BOSTON -- To follow the Boston Red Sox in 2013, one practically needed a working knowledge of the periodic table of elements. If you couldn’t understand chemistry, you just didn’t get it.
Indeed, chemistry was the buzzword surrounding a championship squad that blended well on and off the field. Debates raged as to how much of an impact that had on wins and losses, and some would say none. Who’s to say they’re wrong? Those on the inside, however, felt otherwise, even if they could not quite define how much of an impact it had.
“When you’re around it and feel it, it’s hard to say it’s not valuable,” general manager Ben Cherington said in the moments after the Sox won the World Series. “I don’t know if any of us know how to engineer it, but when you’re around it and feel it, you feel the group coming together as it did. I don’t have any doubt it’s valuable, I just don’t know how to predict it.”
Studies over the years have shown that productivity and commitment are enhanced by a positive atmosphere in the workplace. While the effects of such a vibe in a baseball clubhouse may truly be minimal, maintaining the one that Boston had this season will remain one of the challenges for Cherington going forward, even if he has no clue how to go about it. Because of the magic that surrounded 2013, he will have to navigate the offseason through free agency, arbitration, negotiations and meetings with agents in hotel suites in Florida with the mindset that getting along means getting wins, at least to a degree.
The question Cherington may ask himself as he goes through that journey is this: Has the attitude and mindset with the Red Sox been so established by the current group that anyone who comes in will jump on board, or is it a delicate balance that can be thrown off with the slightest degree of tinkering?
And should that matter?
Certainly teams have won without any great degree of friendship in the clubhouse (the “Bronx Zoo” of the late-70s Yankees comes to mind, as do the “25 guys, 25 cabs” teams in Boston around the same time, although the level of amimosity may have been overblown). Other teams loaded with best buddies have finished last.
There was a common thread in the moves Cherington made last offseason that offers at least a hint of future transactions. Shane Victorino, Mike Napoli, Jonny Gomes, David Ross, Stephen Drew, Koji Uehara, Ryan Dempster and (later on) Jake Peavy all were veterans with postseason experience and none offered up any reason to doubt their effort and attitude.
In fact, it was just the opposite. They were trustworthy, an element that was necessary in a clubhouse that had its share of backstabbing in the previous year. If any of these players had career-worst seasons, at least they would do so in a professional manner. And the example they would provide in doing so could only help in nurturing young players such as Xander Bogaerts, who comes across as a 10-year veteran, and the number of other prospects who are on the cusp.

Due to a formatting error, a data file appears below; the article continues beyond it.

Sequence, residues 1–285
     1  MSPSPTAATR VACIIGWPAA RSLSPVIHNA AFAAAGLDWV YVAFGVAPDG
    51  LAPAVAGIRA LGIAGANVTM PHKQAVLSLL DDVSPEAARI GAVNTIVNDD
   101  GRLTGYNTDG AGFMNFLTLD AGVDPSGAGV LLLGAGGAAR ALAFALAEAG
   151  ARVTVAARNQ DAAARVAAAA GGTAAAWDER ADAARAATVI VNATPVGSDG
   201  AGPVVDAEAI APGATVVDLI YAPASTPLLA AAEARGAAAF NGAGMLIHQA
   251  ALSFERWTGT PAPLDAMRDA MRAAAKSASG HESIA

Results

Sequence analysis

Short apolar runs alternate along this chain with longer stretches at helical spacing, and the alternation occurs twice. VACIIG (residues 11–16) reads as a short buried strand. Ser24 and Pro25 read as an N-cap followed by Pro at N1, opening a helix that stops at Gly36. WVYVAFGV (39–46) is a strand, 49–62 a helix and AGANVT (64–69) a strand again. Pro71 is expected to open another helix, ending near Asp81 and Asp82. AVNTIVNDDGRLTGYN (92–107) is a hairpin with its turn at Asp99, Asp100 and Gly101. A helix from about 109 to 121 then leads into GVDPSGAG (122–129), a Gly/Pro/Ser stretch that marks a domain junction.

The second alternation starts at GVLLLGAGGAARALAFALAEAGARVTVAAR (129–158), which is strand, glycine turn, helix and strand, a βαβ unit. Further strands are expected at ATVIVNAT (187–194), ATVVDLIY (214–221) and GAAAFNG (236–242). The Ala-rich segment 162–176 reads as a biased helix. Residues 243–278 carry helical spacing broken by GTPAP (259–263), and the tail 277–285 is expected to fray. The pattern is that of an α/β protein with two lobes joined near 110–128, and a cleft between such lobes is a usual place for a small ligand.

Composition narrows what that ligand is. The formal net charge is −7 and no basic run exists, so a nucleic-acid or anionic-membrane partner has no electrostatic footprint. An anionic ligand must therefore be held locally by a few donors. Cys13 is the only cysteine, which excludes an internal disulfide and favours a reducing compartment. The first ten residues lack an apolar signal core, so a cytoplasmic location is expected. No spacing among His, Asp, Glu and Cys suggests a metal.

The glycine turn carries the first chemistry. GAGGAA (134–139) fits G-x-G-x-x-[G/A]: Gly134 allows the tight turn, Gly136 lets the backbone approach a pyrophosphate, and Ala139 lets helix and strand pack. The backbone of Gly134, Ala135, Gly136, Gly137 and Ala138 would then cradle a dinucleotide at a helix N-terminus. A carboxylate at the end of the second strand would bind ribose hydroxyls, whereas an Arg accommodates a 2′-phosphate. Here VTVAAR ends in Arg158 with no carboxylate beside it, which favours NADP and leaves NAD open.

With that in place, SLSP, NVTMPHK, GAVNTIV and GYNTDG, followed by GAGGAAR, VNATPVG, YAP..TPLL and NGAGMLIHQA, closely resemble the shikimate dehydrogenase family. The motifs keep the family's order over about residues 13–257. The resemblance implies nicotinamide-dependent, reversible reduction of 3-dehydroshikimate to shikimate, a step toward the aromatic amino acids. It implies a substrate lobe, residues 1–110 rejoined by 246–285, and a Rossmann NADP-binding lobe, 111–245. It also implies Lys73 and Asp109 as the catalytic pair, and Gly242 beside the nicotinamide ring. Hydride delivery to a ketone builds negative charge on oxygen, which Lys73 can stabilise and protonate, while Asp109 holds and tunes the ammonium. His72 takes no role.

So when there are vacancies at catcher or shortstop or center field this offseason and there is a need to go outside the organization for help, Cherington may keep that in mind. Although he cannot measure a player’s specific value when it comes to creating a positive atmosphere, he at least has some support in making that a priority.
“Of course you don’t know what the outcome is going to be, but we felt that this was a different group of people. The way they were coming together, the way they were giving up for each other, it’s just completely selfless,” Cherington said. “For a team with this many talented and salaried players to be as selfless as they were, it was just a lot of fun to be around.”
One critical factor going forward is the contract extension of Dustin Pedroia through 2021. If clubhouse chemistry, effort and pride in the craft are qualities the organization wants in each and every player, then having Pedroia’s locker in the middle of the clubhouse for years to come is a great place to start. But even the superstar second baseman remarked at how unique this season’s coming together was.
“It’s kind of funny,” he said Wednesday when asked about the clubhouse bond this year. “You’re in college and everybody talks about being a team and this and that. That’s what we were. That’s why this is so special.”
Steps away, Clay Buchholz offered up his take on the matter. Essentially, if it ain’t broke, don’t fix it.
“I’d like to see them keep everyone around. It works,” Buchholz said. “Everybody’s good with each other, we all get along. Like to be around each other, and obviously we’ve got a good team too. I’d like to see it stay the same.”
That is an impossibility in this day and age, but it can at least be a target as Cherington embarks on what is sure to be an intriguing offseason.